In 10313033 Canada Inc. v 2418973 Ontario Inc. et al. (Laurier Optical), the Ontario Superior Court of Justice confirmed that, while a franchisor seeking to end a royalty strike within its franchise system may be able to obtain an injunction compelling the striking franchisees to pay royalties while litigation is pending, such a request will be denied if the franchisor does not lead evidence that the withholding of royalties will have an irreparable financial impact on the franchise system.1
Background to the Case: The Royalty Strike by Franchisees
The case arose from a dispute between a majority group of “Laurier Optical” franchisees and their franchisor, 10313033 Canada Inc. (103 Canada). 103 Canada had purchased the assets of the previous franchisor through a court supervised restructuring process under the Companies’ Creditors Arrangements Act (CCAA). Following this acquisition, a majority group of franchisees raised concerns with 103 Canada, alleging that the new franchisor had failed to respect its obligations under the franchise agreements and raised questions over the continued enforceability of the franchise agreements and leases assigned to 103 Canada pursuant to the CCAA vesting order. 103 Canada attempted to assuage these concerns through a proposed marketing campaign but was unsuccessful.
The franchisees sought to commence an arbitration over the dispute and began to withhold royalties and other fees owed under their franchise agreements in protest. The franchisees commenced an application seeking the appointment of an arbitrator and 103 Canada simultaneously commenced an action seeking, among other things, an interlocutory injunction compelling the franchisees’ compliance with the terms of their agreements including with respect to the payment of royalties and fees.
The Court’s Decision: No Evidence of Financial Harm, No Injunction
Canadian courts have previously granted injunctions compelling franchisees to comply with the terms of their franchise agreements in the face of “royalty strikes” that threaten to put the franchisor out of business. In 2010, the Court granted such an injunction in Bark & Fitz Inc. v 2139138 Ontario Inc., even though the franchisor in that case had not met all of its obligations to its franchisees.2 In Cash Converters Canada Inc. v 1167430 Ontario Inc., an earlier decision not cited in Laurier Optical, the Court granted a similar injunction finding that a royalty strike by franchisees was directed at pushing the franchisor into bankruptcy and taking over the system.3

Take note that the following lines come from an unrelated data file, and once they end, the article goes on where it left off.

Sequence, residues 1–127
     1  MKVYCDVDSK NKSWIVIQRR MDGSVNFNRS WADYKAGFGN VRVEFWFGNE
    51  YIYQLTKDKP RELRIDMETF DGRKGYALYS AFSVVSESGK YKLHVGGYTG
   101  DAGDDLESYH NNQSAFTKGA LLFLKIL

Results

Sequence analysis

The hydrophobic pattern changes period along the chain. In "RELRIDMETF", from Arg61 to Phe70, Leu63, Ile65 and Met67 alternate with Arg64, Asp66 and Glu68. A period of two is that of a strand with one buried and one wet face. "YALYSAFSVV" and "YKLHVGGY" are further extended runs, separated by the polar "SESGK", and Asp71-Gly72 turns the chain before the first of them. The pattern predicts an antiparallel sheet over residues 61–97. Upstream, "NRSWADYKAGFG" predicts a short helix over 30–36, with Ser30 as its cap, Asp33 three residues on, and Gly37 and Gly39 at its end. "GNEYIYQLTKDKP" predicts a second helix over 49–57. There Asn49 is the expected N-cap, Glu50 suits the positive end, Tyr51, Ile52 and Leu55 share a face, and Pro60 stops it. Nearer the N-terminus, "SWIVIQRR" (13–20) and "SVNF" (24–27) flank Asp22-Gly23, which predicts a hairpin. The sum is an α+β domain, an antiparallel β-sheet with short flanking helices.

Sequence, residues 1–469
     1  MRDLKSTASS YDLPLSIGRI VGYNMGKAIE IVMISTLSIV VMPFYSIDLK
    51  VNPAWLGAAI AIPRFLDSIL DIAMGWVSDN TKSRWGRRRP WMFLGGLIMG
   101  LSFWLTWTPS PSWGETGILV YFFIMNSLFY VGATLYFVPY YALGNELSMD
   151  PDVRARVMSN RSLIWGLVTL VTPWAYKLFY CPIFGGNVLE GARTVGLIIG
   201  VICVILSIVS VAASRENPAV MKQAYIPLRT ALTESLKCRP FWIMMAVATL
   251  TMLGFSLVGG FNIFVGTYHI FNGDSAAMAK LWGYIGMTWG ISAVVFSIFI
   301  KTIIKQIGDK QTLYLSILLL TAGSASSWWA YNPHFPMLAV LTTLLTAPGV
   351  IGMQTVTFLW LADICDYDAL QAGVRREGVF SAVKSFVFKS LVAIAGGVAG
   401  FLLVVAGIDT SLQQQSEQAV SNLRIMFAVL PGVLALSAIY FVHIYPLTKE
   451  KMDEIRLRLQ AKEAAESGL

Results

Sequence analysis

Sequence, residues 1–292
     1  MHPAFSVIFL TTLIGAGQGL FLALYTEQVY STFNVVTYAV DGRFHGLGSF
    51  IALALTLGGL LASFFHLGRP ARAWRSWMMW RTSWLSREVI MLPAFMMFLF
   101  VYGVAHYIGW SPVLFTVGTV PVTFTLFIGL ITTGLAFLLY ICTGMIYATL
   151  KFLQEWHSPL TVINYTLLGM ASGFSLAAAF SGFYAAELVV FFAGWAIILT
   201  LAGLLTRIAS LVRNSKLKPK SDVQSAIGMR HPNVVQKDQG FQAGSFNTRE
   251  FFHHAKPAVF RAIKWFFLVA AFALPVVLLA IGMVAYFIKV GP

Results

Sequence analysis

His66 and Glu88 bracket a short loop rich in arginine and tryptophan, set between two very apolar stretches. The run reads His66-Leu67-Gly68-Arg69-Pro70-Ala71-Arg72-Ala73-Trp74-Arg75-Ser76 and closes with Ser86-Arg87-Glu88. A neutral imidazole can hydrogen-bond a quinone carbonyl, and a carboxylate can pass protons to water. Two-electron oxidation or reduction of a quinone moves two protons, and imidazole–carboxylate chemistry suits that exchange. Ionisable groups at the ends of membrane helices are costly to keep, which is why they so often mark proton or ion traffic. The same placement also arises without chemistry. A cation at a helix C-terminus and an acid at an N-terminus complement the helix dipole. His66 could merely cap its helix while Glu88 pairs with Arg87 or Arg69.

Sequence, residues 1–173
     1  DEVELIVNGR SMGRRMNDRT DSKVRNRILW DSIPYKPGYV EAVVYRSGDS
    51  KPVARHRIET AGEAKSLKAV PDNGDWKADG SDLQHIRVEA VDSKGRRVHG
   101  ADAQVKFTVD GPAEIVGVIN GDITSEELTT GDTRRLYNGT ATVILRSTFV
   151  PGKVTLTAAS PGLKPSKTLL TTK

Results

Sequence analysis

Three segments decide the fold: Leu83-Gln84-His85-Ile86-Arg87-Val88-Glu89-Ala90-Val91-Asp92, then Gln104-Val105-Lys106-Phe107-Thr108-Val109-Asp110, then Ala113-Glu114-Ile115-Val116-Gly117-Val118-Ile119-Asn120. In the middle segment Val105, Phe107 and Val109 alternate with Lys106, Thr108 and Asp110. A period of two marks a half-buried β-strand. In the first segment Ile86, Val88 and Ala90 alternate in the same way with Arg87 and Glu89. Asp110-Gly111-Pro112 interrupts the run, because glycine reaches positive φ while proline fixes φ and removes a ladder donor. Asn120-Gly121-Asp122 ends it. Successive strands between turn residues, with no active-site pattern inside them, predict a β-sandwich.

In applying the well established RJR-Macdonald test, the Court was satisfied that 103 Canada, like the franchisor in Bark & Fitz, had met the first stage of establishing a “serious issue to be tried”. However, unlike the franchisor in Bark & Fitz, the Court found that 103 Canada failed to lead sufficient financial evidence demonstrating that the ongoing royalty strike would result in “irreparable harm” sufficient to justify and injunction. While the Court noted that “as a matter of simple logic” the continued royalty strike by a majority of Laurier Optical franchisees could have “a severe, and possibly fatal, impact on the franchisor,” the Court was unable to reach such a conclusion based on the bald statements advanced by the franchisor’s principal that 103 Canada would be unable to meet its financial obligations if royalties continued to go unpaid. Having failed to establish irreparable harm, the Court held that the franchisor’s injunction request should be denied. The Court did note, however, that it would be open for the franchisor to apply again with better evidence of irreparable harm.
With respect to the franchisee’s application to appoint an arbitrator, the court agreed that the dispute should be submitted to arbitration and stayed the franchisor’s court action in favour of arbitration.
This decision confirms that franchisors can successfully obtain an injunction compelling franchisees to comply with the terms of their franchise agreements in the face of collective action by franchisees to withhold of royalties. Meeting the injunction test in such circumstances, however, will require detailed supporting documents showing the irreparable financial harm that would result if the royalty strike continues. Absent such evidence, the court will not intervene at an early stage with injunctive relief.